In addition to its high success rate, one appealing aspect of laser treatment for toenail fungus is that it does not involve taking oral drugs, which can have severe and life-threatening side effects.
Why there are side effects
Although fungi seem very different from us, they are actually closely related to animals at the cellular level. Thus, toenail fungi have some similarities to humans in how their cells function. This means that drugs that treat fungal diseases can have unintended effects on the activities of human cells, leading to negative interactions in people that take oral antifungal drugs.
These types of drugs were originally developed to treat fungal infections in AIDS patients and can cause severe side effects in people that take them to treat toenail infection.
Lamisil can cause liver damage
While most people take the drug terbanafine (Lamisil) without any problem, it is possible for this drug to cause severe liver damage. There is enough concern for this potential problem that the doctors of patients who use this drug frequently require them to take blood tests to confirm that their livers are functioning well.
People who take Lamisil should be aware of the symptoms of liver damage, so they can quickly report them to their doctor. These include nausea, jaundice, pain in the upper stomach, loss of appetite, abnormally colored stool and urine, and itching.
It is very important for patients who take this drug to tell their doctor if they have any of these symptoms, since there have been rare cases of liver failure associated with the use of this drug.
Other potential side effects of Lamisil
Severe swelling under the skin has also been associated with the use of terbinafine. One symptom of this is the development of hives around the eyes and mouth. If a patient has a severe rash that doesn’t get better, he or she needs to contact their doctor as soon as possible.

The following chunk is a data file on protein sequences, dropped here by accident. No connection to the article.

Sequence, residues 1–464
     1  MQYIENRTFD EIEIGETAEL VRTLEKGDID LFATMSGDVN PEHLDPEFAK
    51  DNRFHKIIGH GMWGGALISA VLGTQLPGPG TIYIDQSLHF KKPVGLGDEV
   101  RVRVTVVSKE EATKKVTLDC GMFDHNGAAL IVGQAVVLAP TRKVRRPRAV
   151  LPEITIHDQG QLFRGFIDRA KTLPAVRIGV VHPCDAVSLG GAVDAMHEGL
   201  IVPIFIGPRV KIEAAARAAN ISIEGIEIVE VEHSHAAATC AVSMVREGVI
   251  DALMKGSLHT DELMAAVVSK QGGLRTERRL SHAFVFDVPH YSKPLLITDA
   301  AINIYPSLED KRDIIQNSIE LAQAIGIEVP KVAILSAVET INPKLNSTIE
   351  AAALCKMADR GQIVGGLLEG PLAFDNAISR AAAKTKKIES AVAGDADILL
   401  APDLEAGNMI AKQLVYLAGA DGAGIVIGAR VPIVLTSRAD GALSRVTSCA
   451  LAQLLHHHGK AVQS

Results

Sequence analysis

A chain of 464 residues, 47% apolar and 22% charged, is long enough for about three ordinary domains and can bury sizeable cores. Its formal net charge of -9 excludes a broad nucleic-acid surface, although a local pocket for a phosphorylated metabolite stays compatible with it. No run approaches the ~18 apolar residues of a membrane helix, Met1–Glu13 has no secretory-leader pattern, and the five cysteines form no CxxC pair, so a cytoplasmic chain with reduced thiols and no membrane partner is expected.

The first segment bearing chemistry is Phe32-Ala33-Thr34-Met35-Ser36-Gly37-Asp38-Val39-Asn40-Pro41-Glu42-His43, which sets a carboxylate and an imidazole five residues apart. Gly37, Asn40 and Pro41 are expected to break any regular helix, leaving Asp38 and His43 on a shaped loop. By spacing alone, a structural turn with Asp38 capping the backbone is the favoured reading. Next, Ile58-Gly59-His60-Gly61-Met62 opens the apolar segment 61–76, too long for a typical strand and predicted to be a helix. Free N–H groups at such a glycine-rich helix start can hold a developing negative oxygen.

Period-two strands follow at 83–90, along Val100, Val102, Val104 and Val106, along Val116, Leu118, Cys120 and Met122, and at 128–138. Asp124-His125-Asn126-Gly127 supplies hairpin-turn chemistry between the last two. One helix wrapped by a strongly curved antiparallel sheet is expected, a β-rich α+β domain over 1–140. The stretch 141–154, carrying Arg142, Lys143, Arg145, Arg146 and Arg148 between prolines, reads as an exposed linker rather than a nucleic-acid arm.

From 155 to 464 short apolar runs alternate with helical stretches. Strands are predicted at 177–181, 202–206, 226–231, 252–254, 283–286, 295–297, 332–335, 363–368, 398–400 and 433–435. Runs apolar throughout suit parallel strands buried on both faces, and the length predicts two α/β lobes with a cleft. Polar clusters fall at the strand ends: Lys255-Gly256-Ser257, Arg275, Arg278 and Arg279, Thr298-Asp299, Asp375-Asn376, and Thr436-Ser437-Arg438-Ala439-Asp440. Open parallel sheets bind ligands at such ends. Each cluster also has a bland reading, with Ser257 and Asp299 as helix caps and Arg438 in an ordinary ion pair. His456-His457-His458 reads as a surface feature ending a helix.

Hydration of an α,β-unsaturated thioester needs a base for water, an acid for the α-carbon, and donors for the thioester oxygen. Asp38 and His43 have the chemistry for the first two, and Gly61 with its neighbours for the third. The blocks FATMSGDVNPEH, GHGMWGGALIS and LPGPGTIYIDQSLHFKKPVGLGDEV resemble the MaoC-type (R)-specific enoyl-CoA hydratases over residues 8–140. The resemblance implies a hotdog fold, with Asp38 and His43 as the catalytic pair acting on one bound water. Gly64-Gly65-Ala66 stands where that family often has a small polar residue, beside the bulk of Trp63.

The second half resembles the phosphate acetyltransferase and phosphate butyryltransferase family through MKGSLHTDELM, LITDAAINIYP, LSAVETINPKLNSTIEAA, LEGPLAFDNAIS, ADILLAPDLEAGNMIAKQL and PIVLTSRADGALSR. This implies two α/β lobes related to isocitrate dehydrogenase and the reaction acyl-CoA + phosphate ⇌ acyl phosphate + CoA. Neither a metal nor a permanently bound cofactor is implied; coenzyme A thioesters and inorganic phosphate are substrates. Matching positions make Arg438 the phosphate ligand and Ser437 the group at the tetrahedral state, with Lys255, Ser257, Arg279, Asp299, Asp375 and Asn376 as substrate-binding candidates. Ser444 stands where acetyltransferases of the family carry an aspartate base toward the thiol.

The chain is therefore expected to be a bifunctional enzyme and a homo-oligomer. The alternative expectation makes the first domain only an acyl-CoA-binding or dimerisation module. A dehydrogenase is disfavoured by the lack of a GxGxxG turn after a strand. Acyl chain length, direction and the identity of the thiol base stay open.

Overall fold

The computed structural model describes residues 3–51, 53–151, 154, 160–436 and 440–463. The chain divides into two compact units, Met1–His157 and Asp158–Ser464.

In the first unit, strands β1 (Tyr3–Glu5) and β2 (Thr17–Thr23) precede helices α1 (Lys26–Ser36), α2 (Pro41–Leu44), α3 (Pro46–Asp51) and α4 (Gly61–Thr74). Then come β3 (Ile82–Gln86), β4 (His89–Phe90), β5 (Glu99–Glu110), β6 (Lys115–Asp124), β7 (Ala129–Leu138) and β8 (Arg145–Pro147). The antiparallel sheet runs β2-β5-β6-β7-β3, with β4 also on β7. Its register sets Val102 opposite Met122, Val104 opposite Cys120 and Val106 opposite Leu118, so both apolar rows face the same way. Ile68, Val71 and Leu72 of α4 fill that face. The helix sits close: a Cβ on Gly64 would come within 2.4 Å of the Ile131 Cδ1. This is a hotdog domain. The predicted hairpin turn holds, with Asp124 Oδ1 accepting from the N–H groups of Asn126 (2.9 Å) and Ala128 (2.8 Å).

Another type of problem that can occur from taking this drug is visual defects due to changes in the retina and lens of the eyes. Patients who experience any visual problems should quickly consult their doctor. Some patients have developed systemic lupus erythematosus from taking Lamisil.
Black box warning for Sporonox
The other primary oral drug for treating toenail fungus is itraconazole, also known as Sporanox. The FDA has issued its strongest alert—a black box warning—to say that this drug should not be used in people with a history of congestive heart failure.
The FDA has reported multiple cases of patients taking itraconazole who developed this serious, and sometimes fatal, heart condition. In addition, liver toxicity can be another side effect from taking Sporanox.
Many compounds interact with antifungal drugs
Patients who choose to take oral antifungal drugs to treat toenail fungus need to be thorough about telling their doctor about all of the drugs, vitamins, herbal preparations, and supplements that they take. Many of these can interact with terbinafine or itraconazole to cause negative reactions.
It is particularly important to mention classes of drugs such as blood thinners (anticoagulants), drugs that suppress the immune system, antidepressants, beta-blockers, and Tagamet (cimetidine). Patients will need to be more closely monitored for side effects if they take any of these types of drugs.
Women who are nursing or pregnant need to tell their doctor before taking such drugs, because the compounds can pass through the breast milk into the infants. It is very important for doctors to be aware of pre-existing health conditions, such as liver or kidney disease, lupus, or a history of depression. Taking these drugs can be a serious commitment, since they often need to be taken for six to twelve weeks to cure toenail fungus.
Adam Lambert writes for the Houston Nail Clinic, whose mission is to rid the world of toenail fungus and fingernail fungus. Writing about treatment for toenail fungus allows people to learn about the best methods for getting rid of this unsightly infection.